If the Right pointing arrow (Fwd Button) is hit, the next character to the right is inverted. The display is then updated. If the next character to the right does not exist, then the next character inverted is the first character of the character set on the left of the display. If the next character is part of a phrase, the entire phrase is inverted. For example, if ‘d’ of the phrase ‘done’ is the next character to be selected, the entire phrase ‘done’ will be selected.
If the left pointing arrow (Back Button) is hit, the next character to the left is inverted. The display is then updated. If the next character to the left does not exist, then the character to the right of the display in the character set is inverted. If the next character is part of a phrase, the entire phrase is inverted. For example, if ‘d’ of the phrase ‘done’ is the next character to be selected, the entire phrase ‘done’ will be selected.
If the Up Button is hit, the next character set is displayed with the same character position inverted as from the last character set. If the new inverted character is part of a phrase, the entire phrase is inverted.
If the Down Button is hit, the previous character set is displayed with the same character position inverted as from the last character set. If the new inverted character is part of a phrase, the entire phrase is inverted.
‘Select’ is used to select the inverted character or phrase. If the inverted phrase is ‘bspc’ (backspace) and the number of previously entered characters is greater than 1, then the most recently entered data is erased from the LCD screen 6 and the cursor is move to the previously entered character. If a phrase other than ‘bspc’ and other than ‘done’ is selected, the entire phrase is added to the encryption decipher phrase.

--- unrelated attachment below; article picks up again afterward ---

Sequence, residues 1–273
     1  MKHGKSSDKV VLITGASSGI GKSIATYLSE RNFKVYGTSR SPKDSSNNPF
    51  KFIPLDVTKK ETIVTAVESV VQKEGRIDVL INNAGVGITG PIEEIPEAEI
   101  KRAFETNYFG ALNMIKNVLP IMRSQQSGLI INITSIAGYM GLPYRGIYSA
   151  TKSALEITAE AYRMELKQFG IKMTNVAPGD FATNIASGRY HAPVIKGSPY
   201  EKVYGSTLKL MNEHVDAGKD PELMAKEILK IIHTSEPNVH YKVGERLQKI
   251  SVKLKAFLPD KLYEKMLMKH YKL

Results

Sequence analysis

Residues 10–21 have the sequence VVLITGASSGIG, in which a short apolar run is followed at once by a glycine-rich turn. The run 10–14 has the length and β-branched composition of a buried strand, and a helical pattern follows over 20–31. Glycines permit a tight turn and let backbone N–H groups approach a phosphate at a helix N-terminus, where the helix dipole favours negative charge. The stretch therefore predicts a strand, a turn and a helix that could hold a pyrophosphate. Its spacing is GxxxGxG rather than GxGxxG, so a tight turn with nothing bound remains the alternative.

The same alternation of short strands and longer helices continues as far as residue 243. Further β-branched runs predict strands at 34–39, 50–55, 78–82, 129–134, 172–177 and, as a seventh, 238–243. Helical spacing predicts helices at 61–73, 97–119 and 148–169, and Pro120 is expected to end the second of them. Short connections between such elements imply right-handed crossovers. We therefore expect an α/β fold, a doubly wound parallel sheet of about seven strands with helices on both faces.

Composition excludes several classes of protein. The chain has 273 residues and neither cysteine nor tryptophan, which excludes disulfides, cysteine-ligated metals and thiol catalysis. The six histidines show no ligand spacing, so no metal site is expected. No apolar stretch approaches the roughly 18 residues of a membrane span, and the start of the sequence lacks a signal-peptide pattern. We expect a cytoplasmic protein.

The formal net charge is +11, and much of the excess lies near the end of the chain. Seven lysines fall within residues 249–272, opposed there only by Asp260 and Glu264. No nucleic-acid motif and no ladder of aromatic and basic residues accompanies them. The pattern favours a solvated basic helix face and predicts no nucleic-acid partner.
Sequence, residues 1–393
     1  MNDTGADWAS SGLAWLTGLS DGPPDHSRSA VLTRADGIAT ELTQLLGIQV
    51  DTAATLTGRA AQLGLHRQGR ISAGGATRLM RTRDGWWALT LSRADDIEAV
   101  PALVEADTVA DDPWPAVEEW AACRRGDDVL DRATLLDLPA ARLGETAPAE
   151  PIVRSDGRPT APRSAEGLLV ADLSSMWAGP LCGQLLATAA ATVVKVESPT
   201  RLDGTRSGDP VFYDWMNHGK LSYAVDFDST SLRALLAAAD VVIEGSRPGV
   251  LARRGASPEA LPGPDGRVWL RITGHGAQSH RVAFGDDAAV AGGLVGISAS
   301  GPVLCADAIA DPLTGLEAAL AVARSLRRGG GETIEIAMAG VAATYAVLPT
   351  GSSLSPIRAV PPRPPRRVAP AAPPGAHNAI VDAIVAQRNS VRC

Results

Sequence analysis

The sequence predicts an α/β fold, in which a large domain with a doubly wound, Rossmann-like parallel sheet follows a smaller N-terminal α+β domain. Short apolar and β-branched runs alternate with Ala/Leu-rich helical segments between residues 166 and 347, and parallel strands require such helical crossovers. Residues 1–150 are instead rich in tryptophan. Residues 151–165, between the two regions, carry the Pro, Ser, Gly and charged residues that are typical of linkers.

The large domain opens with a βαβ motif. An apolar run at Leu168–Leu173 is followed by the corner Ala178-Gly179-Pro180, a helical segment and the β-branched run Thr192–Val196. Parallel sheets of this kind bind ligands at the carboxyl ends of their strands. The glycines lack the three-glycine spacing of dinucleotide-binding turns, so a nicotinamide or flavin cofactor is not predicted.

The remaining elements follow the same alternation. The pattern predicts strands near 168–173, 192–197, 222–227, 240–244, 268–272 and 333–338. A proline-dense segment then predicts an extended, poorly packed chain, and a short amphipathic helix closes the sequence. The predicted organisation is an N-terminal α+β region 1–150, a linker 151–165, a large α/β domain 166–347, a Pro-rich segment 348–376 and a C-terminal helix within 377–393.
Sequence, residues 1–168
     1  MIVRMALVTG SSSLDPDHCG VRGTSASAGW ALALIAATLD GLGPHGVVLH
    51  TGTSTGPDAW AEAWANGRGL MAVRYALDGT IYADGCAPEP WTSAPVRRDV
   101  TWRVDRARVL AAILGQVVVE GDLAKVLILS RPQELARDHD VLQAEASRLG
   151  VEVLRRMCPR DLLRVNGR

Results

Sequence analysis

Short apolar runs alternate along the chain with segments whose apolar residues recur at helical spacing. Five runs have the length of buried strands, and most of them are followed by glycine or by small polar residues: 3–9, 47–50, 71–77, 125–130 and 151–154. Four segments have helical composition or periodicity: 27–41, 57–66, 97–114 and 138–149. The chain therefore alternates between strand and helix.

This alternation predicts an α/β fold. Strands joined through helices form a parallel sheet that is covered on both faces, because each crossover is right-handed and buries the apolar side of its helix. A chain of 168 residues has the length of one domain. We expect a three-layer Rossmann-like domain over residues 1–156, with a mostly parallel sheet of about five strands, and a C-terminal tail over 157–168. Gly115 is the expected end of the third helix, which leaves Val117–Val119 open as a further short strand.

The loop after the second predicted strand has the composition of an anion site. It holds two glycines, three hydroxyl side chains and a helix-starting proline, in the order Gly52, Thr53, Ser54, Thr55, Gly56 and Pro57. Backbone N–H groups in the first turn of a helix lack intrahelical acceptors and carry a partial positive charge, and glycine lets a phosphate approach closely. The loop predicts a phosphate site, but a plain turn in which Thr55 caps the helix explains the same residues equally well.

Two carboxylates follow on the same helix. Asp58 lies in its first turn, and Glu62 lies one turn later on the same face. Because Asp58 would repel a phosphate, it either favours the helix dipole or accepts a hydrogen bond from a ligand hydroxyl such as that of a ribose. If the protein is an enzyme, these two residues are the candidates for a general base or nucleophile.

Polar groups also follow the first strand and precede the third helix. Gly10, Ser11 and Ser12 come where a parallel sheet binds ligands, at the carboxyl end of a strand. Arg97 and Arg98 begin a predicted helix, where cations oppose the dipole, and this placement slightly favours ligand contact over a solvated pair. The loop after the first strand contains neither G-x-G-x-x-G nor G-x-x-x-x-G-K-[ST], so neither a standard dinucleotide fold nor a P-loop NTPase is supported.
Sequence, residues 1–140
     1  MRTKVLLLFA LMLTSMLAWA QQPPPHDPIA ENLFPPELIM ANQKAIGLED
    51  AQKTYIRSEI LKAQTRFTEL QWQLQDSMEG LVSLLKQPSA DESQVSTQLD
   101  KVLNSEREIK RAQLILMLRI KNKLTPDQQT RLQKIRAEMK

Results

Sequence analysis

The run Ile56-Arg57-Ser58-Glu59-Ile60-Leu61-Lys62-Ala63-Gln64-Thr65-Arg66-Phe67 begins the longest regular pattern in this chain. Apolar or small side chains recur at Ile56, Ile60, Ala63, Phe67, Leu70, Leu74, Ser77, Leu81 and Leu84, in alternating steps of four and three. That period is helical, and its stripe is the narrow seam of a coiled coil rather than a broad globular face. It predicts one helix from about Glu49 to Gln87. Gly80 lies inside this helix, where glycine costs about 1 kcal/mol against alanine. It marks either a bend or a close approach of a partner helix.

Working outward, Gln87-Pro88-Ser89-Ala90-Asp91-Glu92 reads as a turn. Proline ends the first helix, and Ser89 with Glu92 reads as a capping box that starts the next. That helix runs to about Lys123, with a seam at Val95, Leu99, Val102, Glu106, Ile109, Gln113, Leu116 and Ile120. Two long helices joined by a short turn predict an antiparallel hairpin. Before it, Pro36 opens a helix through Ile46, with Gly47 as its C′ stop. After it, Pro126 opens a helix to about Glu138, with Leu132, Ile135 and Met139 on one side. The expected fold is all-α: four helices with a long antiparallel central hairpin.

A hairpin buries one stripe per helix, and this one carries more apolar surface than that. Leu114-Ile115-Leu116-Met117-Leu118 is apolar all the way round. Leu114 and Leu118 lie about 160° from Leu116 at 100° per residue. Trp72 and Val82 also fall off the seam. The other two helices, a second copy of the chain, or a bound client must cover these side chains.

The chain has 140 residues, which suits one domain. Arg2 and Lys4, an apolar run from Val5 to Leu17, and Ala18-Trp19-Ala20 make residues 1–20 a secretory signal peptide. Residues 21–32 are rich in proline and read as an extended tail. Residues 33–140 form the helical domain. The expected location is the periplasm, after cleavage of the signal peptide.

Once ‘done’ is selected and the mode is either CREATEPHRASE or CHANGEPHRASE, the apparatus checks to make sure five or more characters/symbols/numbers were used to create the Login Phrase. For the case where there were less than five characters/symbols/numbers, another opportunity is given to enter a correct Login Phrase.
The number of characters entered as the Login Phrase is then compared to 32. When less than 32 characters have been entered as the Login Phrase, a number of characters are added to the user Login phrase so that the length of the both is 32. If the length of the user Login phrase is 32, the encryption phrase is the user entered Login Phrase.
If the mode is LOGIN, the Encryption phrase is used to decipher the user long term memory 18. When known data can be extracted from the users long term encrypted memory, such as a checksum embedded in the data, the encryption phrase is validated and if records have been previously stored, the first record is deciphered and displayed on the LCD. If no records had been previously stored, the device's menu is displayed on the LCD.